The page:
|Walking into a pachinko arcade in Japan is like hanging out on the runways of Chicago’s O’Hare airport the Sunday after Thanksgiving. The constant hum and clack of machines and little metal pachinko balls is deafening even when the establishment is nearly empty. My travel buddy M convinced me to accompany him inside one of these oases of din because playing pachinko – a vertical pinball game – was supposed to be a “must-try” Japanese experience. After spending 2k yen (about USD$22) in 10 minutes with little success, I was standing by the door with my coat on ready for a quick exit. As M tried to figure out how to cash in his extra pachinko balls, I watched one of the ten middle aged men playing in the arcade among rows and rows of empty machines.
His eyes unblinking, he mechanically scooped handfuls of metal marbles into the loading bin at chest height with the mindlessness of endless repetition, inured to the bright images flashing in front of him and the bells that chimed when his patience was rewarded with a flush of new balls. At his feet were many colorful plastic bins, stacked and filled to the brim with what must have been thousands of inert marbles waiting to be catapulted into a maze of pins and flippers. Given the relatively small number of balls I’d bought with my two 1,000 yen bills, I figured that those bins represented hundreds of dollars’ investment. After a few frustrating minutes of scaling the language barrier, M reappeared next to me and we turned to leave. As we walked out the automatic doors into the promise of Osaka’s Saturday night, the men played on.
It’s a worn-out fact that large portions of humanity have now achieved previously unfathomable heights of connectivity. Meeting people, communicating with them, and staying in touch requires essentially no effort when compared to not-so-distant times. The peculiar flip side of what at first appeared to be an unmitigated good is slowly revealing itself –you can’t add new gadgets to the interpersonal toolkit without profoundly changing the old ones. In this case, an entire generation of ultra-connected youth is bidding farewell to that quintessential human interaction: the farewell.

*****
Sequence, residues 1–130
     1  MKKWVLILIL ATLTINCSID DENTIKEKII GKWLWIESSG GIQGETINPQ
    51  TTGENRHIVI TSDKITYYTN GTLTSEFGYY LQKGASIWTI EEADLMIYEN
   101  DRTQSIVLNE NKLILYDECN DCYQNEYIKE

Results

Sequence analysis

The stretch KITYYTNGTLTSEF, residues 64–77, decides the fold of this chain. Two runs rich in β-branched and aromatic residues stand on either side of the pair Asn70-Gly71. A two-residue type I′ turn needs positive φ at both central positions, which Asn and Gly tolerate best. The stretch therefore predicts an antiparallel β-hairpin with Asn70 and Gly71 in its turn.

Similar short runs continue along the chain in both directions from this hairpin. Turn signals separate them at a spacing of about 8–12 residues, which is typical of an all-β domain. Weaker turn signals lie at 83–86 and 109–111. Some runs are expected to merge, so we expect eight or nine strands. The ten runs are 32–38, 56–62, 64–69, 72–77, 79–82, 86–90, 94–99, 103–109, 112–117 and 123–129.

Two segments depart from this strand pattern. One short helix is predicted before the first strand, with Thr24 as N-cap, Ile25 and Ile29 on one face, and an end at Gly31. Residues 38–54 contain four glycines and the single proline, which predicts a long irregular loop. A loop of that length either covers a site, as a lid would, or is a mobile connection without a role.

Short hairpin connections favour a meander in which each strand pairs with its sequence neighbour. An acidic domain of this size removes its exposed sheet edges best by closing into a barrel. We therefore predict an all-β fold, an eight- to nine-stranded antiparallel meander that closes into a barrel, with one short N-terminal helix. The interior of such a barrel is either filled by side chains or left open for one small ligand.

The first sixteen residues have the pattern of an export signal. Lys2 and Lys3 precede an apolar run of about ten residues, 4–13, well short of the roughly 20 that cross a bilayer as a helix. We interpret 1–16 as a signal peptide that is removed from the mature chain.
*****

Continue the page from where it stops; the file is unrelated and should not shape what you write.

I graduated a few months ago and immediately after commencement had to face an epic mass of goodbyes. I knew I’d see certain people again for various reasons, but the majority of those I’d known during college, I recognized, would disappear from my day-to-day life and leave only memories. Looking back on that last day of college, though, I realize that there was something very different about the way my generation says goodbye in comparison to the ways of previous generations. There were hugs and exclamations commemorating old times, but also remarks like “There’s always Facebook” or “You have my email address, right?” It almost seemed silly to make such a big deal out of physically parting when we knew the tools for real time information gathering and reconnecting were (and presumably will always be) at our fingertips. With popular social networking websites like Facebook, the traces of interpersonal decisionmaking bloom easily but never die – they are archived online and lurk at the periphery forever. There is no way to cut yourself off from the collective and wait for time to erase your mistakes from memory. Ink fades, synapses weaken, echoes disappear, but the digital cloud preserves.
The collective secondhand experience of mass media and history has taught us that goodbyes are salient events – sometimes sad, sometimes relieved, but always remarkable for their finality. Human experience is fluid, not discrete, and so the abruptness of a serious goodbye is jarring. As a species we’ve realized this, and have developed complex cultural codes and rituals to recognize this artificiality and integrate it into normal life. From “Have a good summer!” to “Au revoir” to “안녕히 가세요” (”leave in peace”), traditional parting phrases take the strain off of the unnatural now and focus on an indeterminate future, real or hypothetical (but usually far off). By contrast, the language of online goodbyes is immediate, perfunctory, and often specifies a timeframe: “ttyl” (”talk to you later”) or “ttys” (”talk to you soon”) or even the stark “g2g” (”got to go”), which implies that the conversation is not truly over – just interrupted by life offline.